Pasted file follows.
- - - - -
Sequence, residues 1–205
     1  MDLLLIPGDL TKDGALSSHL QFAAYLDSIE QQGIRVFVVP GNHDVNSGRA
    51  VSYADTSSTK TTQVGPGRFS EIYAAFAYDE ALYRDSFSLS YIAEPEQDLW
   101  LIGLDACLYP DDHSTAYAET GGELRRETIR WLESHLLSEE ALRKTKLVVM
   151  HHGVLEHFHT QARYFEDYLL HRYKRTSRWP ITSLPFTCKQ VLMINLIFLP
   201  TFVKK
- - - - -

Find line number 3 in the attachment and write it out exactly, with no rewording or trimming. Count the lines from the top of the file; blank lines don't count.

    51  VSYADTSSTK TTQVGPGRFS EIYAAFAYDE ALYRDSFSLS YIAEPEQDLW